October 23, 2015—Patients with intermediate meningiomas treated with radiation therapy (RT) after surgery experienced a 96 percent three-year progression-free survival rate and had minimal adverse events, according to new research. Study findings were presented at the American Society for Radiation Oncology’s (ASTRO’s) 57th annual meeting.
Meningioma, the most common type of central nervous system tumor, nearly always forms on the meninges—the membranes that surround the brain and spinal cord. Most meningiomas, approximately 75 percent, are benign (noncancerous) and may not require immediate treatment. However, many need to be removed because of proximity to or impingement of critical structures, tumor growth or because they are not benign (in other words, they are atypical or anaplastic). Treatment decisions for patients with meningioma depend on many factors, with the more advanced meningiomas often requiring a combination of surgery and RT.
RTOG 0539, the first successfully completed cooperative group meningioma trial, enrolled 244 patients from sites throughout the United States and Canada. The study’s aim was to estimate patients’ three-year progression-free survival (PFS) rates in each of the study’s assigned patient groups. PFS indicates the length of time during and after the treatment of a disease that a patient lives with the disease but it does not get worse. The pathology and imaging reports of patients in the trial were all centrally reviewed and patients were assigned to three different groups depending on prognosis and management strategies, which were based upon tumor grade, recurrence status of the tumors and the extent of the surgical removal.
In this first analysis of RTOG 0539, researchers looked at the three-year PFS and adverse events for the intermediate-risk group of patients (defined as Group 2). Patients in Group 2 had either a newly diagnosed grade II meningioma (atypical, meaning neither frankly malignant nor benign) with gross total resection (GTR, Simpson I-III), or a recurrent grade I (benign) meningioma, meaning that it had been previously treated with surgery but had subsequently progressed. Any degree of surgical resection was permitted for patients with a recurrent grade I tumor. The phase II study compared the patients to a predefined historical control group of intermediate-risk meningiomas.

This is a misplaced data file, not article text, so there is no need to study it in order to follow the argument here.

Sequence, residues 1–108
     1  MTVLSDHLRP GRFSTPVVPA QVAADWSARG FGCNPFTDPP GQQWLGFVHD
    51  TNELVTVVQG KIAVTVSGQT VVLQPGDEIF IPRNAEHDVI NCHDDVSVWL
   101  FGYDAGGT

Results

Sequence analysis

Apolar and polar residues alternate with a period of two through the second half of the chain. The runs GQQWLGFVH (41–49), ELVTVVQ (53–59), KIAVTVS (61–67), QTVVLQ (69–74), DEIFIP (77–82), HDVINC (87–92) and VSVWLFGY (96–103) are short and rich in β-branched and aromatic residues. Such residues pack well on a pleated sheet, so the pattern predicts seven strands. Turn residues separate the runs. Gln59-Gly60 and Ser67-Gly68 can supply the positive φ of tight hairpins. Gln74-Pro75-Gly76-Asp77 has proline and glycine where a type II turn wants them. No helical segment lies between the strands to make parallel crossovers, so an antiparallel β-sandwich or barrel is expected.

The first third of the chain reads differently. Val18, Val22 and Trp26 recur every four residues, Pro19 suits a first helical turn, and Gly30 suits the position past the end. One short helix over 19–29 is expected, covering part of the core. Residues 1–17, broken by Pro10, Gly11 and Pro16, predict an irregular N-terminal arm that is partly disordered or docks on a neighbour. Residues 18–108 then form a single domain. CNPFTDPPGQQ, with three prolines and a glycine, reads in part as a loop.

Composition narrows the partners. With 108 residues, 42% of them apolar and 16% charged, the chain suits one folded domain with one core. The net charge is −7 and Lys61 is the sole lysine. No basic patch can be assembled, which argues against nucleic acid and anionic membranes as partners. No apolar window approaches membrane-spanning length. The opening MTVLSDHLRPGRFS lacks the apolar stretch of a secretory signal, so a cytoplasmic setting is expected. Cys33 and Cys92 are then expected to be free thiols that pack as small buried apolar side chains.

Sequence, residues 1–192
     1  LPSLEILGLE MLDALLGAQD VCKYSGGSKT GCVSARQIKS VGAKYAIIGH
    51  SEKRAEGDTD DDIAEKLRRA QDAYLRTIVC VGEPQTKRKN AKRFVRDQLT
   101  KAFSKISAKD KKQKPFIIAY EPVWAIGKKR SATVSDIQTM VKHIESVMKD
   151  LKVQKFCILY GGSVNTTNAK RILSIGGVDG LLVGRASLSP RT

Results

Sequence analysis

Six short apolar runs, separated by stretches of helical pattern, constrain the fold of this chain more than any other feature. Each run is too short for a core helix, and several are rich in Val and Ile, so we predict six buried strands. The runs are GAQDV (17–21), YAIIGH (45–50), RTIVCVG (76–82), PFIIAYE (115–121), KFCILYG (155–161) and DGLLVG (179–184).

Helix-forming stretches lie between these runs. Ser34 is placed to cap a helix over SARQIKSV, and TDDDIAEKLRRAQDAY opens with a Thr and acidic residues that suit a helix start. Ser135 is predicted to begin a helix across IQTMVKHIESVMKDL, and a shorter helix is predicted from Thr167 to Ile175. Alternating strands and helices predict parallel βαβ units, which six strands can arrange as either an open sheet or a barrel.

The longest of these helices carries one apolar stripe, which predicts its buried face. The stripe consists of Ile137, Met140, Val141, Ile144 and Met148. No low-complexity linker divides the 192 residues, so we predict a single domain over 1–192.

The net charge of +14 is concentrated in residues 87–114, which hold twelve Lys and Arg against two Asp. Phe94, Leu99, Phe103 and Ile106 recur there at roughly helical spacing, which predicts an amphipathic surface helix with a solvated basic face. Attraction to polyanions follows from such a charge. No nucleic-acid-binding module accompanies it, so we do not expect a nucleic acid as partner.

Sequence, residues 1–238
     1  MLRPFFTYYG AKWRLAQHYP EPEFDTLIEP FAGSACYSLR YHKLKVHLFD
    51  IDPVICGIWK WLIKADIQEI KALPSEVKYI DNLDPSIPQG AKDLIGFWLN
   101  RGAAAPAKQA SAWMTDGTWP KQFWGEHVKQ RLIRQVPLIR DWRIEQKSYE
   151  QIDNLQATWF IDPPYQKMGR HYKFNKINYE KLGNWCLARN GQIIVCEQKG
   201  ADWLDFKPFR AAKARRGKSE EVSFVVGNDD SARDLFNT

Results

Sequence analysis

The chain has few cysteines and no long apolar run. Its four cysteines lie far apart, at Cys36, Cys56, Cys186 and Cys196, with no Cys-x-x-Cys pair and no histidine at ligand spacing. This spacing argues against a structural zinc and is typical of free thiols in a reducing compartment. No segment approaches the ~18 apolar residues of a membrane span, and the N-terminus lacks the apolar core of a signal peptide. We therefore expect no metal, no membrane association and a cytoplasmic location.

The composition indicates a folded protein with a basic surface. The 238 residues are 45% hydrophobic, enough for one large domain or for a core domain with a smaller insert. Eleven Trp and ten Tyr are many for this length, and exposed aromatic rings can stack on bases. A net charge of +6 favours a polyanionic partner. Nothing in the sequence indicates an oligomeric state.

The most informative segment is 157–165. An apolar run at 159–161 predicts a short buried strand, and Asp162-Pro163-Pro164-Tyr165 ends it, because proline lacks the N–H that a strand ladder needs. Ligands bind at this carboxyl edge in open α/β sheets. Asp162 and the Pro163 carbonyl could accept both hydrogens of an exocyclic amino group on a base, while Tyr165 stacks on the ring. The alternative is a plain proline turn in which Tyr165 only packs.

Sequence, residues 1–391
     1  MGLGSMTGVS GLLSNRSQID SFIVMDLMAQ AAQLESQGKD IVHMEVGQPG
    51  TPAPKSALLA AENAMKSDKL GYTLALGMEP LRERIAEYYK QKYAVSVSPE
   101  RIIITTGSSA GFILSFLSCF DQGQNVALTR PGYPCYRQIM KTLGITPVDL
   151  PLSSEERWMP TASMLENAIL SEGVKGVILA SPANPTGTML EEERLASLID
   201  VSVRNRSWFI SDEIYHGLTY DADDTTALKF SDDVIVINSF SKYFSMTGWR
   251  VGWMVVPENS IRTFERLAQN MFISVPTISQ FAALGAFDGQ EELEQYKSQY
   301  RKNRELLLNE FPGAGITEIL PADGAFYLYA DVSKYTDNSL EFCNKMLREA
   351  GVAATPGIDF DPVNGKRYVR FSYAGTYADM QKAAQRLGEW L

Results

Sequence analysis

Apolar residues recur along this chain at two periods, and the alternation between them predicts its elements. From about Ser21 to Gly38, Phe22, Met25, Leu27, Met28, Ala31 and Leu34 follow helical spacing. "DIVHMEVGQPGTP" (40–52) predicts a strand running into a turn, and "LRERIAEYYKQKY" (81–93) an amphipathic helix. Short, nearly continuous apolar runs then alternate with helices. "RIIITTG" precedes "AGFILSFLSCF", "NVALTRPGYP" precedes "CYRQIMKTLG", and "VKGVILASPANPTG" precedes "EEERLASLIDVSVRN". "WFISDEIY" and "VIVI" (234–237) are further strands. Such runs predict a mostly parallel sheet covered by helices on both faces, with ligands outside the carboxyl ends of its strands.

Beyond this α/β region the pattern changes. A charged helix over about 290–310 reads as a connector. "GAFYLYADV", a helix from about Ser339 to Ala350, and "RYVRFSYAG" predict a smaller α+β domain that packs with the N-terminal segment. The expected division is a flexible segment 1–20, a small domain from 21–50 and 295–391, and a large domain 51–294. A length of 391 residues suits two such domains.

Of the 56 original patients classified to Group 2, 52 patients received protocol treatment (three were ineligible and one did not receive RT). Of these 52 patients, 36 (69.2 percent) were classified as having WHO grade II tumors with GTR; while 16 patients (30.8 percent) had recurrent grade I tumors. The patients received RT of 54 Gy in 30 fractions post-surgically. While 3-D conformal radiation therapy (CRT) was permitted within the study guidelines, the majority of patients (84.6 percent) received intensity-modulated radiation therapy (IMRT). This was the first RTOG brain trial with protocol-specific IMRT parameters. Four of the 52 patients withdrew (without recurrence), so 48 patients were evaluable for the primary endpoint of three-year PFS.
Data indicated that there was no difference in PFS between the subgroups (P=.503), validating the study’s co-grouping of the patients into one prognostic category. The three-year PFS for Group 2 was 96 percent. One patient with a WHO grade II tumor died from the disease and one patient with a WHO grade I tumor died from an undetermined cause without disease progression.
Adverse events were scored using NCI common toxicity criteria, and the study specifically measured grade one or grade two adverse events. Among the 44 patients who received IMRT, four patients (9 percent) developed grade 2 acute adverse events, and 11 patients (25 percent) had grade 2 late adverse events.
“Our results have been the impetus for phase III trials and support the use of postoperative radiation for intermediate-risk meningiomas, in addition to documenting positive outcomes of using IMRT,” said lead study author Leland Rogers, M.D., professor in the radiation oncology department at Virginia Commonwealth University. “We are gaining knowledge about meningiomas at a more rapid pace. This study has shown we can successfully treat meningioma patients in a large, cooperative group setting and can achieve excellent outcomes with surgery and RT.”
For more information: www.astro.org